Anglo-Saxon Riddle

Here’s A translation for my novel (BLANK JACK):

Moths devour words.

To me, it seems a wondrous wyrd,

Then I learnt the miracle,

That the wyrm consumes some men’s riddles,

That shadowed thief,

To the very vellum the morsel’s written on.

The thief is not a whit the wiser

From the words he swallowed.

Here’s the original Anglo-Saxon. What do you think?

 

“Moththe word fraet.      Me thaet thuhte.

wraetlicu wyrd,     tha ic thaet wundor gefraegn

thaet se wyrm forswealg     wera gied sumes,

theof in thystro,     thrymfastne cwide

ond thaes strangan stathol.     Staelgiest ne waes

wihte thy gleawra,     the he tham wordun swealg.

 

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Story Extract – 1.1A

The girl arrived at the beginning of August. A rucksack slung over one shoulder and pulling a suitcase behind her. She came by taxi. Mila Wieczna, the housekeeper, believed the girl had brought all she owned. The girl stood about six foot tall with long black hair, olive skin and wide almond shaped eyes, ringed red. She wore tight blue jeans, a shirt and cream sweater over the top with a black jacket and a copy of More tucked under one arm. Mila pretended to dust the second-floor windowsill as the girl walked down the path and into the house next door. The girl did not lift her gaze from the garden path once as she walked.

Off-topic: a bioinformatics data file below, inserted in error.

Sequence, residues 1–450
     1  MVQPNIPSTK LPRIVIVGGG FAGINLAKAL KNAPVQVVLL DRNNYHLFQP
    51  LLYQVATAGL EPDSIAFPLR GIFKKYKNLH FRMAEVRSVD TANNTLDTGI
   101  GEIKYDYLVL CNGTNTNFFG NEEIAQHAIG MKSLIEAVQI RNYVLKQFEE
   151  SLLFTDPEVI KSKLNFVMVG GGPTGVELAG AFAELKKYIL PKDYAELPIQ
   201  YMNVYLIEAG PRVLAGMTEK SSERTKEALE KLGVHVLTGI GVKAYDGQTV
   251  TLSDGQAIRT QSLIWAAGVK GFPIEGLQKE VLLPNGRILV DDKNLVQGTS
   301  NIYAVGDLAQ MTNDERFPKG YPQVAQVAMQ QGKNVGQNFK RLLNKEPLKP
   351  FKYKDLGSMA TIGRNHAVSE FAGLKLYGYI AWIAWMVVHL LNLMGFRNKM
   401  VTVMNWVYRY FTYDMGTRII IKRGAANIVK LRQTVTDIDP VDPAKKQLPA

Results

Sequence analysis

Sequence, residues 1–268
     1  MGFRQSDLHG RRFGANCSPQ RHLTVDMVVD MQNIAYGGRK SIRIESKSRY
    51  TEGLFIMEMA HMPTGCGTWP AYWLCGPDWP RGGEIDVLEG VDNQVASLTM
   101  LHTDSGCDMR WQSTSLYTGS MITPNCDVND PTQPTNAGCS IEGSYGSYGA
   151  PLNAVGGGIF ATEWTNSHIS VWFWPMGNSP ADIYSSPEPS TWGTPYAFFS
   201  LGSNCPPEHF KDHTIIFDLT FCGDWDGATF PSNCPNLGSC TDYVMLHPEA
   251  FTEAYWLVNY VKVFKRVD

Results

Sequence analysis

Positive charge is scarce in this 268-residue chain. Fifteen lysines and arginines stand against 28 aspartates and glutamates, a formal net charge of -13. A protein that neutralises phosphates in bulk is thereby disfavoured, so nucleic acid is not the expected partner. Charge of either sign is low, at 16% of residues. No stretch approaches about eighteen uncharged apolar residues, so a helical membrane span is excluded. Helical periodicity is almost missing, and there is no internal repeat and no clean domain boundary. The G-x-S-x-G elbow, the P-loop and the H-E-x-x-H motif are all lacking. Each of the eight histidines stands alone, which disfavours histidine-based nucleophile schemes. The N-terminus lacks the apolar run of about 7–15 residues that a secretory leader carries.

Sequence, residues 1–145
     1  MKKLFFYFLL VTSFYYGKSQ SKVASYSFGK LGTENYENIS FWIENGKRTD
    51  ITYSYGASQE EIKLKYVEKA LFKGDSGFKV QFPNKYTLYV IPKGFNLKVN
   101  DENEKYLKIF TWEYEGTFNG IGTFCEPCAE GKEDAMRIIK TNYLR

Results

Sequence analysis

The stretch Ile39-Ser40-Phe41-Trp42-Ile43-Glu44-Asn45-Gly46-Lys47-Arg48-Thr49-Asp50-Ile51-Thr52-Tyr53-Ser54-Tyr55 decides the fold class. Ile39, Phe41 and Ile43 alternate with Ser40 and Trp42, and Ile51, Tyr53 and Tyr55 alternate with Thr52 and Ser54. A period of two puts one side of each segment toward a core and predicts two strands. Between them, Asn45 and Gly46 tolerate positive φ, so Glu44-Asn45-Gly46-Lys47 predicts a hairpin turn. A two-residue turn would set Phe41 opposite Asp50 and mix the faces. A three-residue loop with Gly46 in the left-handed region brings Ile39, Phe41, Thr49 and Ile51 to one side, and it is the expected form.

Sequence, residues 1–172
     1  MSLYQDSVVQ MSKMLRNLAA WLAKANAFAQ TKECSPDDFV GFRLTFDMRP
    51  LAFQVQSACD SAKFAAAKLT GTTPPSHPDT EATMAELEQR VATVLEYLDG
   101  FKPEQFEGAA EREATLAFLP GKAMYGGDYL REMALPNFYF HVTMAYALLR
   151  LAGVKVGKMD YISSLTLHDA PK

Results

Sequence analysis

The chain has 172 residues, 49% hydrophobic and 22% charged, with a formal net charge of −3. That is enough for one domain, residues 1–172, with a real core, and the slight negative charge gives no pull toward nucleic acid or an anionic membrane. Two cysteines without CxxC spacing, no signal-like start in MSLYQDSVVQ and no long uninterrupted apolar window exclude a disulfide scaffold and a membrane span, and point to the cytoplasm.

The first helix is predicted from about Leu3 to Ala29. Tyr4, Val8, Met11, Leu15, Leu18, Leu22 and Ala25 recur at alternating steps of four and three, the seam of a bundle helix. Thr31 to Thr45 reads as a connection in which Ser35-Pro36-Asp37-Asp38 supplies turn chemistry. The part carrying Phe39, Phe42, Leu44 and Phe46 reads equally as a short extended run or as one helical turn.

So I Thought The Universe

So i thought the world
Felt love destroying our
hard won harmony,
creating where chaos left
the world bereft
Of a soul to call our own,
Or is it love’s grand failure?

Novel 1.1. Extract

Jack Whitehorse’s face dissolved into the woods. His hands feeling along a drystone wall. Fate shattered wonders of this stonecraft. He limped forward, pressing on his more worldly foot. An ankle twisted by earlier pursuit. Within the boundary, paving stones lay burst, a giant’s labour in decay. Roofs fallen in. Towers ruinous. Frosted cement melted underfoot as he trod the path. He groped his way through the ravaged frost-gate and past chipped storm-shelters now rendered useless. A spotted cat amongst them sat holding a mouse in its maw. Decline all around. Ruins abound. Autumnal leaves cracked under distant footsteps.

       This was a bitter place. Bitterer than death. He did not know how he came to the ruin. He had become so sleepy. The present blurred into the past and another place. A ruffled mog seemed to mew and lick its paw atop sodden timbers. The old places losing their grip on Earth. The master builders having long since perished or departed. Around the wall a lone she-hound stood as if awaiting their return. The wall, grey with lichen and bleeding red rust, its stones lying in heaps and piles where moss still clung to life beneath the noose, fell away.